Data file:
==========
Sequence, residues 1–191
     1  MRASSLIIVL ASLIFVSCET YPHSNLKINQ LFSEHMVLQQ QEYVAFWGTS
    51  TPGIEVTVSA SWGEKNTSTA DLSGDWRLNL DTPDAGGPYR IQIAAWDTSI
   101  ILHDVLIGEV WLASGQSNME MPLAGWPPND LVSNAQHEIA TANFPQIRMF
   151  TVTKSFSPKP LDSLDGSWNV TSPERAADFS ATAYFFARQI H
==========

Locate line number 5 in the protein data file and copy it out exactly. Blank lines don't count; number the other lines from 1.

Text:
   151  TVTKSFSPKP LDSLDGSWNV TSPERAADFS ATAYFFARQI H